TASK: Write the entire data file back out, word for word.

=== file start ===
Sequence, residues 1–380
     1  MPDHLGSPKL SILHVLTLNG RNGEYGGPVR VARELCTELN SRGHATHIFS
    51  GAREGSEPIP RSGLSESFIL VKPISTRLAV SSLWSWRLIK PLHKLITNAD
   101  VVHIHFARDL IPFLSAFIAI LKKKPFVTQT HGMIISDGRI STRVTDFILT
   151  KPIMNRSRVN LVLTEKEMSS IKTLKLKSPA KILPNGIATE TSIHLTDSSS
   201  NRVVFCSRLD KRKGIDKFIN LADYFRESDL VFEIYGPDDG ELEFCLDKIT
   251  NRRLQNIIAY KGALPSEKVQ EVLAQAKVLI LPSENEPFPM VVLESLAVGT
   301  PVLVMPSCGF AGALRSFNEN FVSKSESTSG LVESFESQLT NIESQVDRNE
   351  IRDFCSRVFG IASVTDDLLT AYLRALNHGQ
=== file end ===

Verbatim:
Sequence, residues 1–380
     1  MPDHLGSPKL SILHVLTLNG RNGEYGGPVR VARELCTELN SRGHATHIFS
    51  GAREGSEPIP RSGLSESFIL VKPISTRLAV SSLWSWRLIK PLHKLITNAD
   101  VVHIHFARDL IPFLSAFIAI LKKKPFVTQT HGMIISDGRI STRVTDFILT
   151  KPIMNRSRVN LVLTEKEMSS IKTLKLKSPA KILPNGIATE TSIHLTDSSS
   201  NRVVFCSRLD KRKGIDKFIN LADYFRESDL VFEIYGPDDG ELEFCLDKIT
   251  NRRLQNIIAY KGALPSEKVQ EVLAQAKVLI LPSENEPFPM VVLESLAVGT
   301  PVLVMPSCGF AGALRSFNEN FVSKSESTSG LVESFESQLT NIESQVDRNE
   351  IRDFCSRVFG IASVTDDLLT AYLRALNHGQ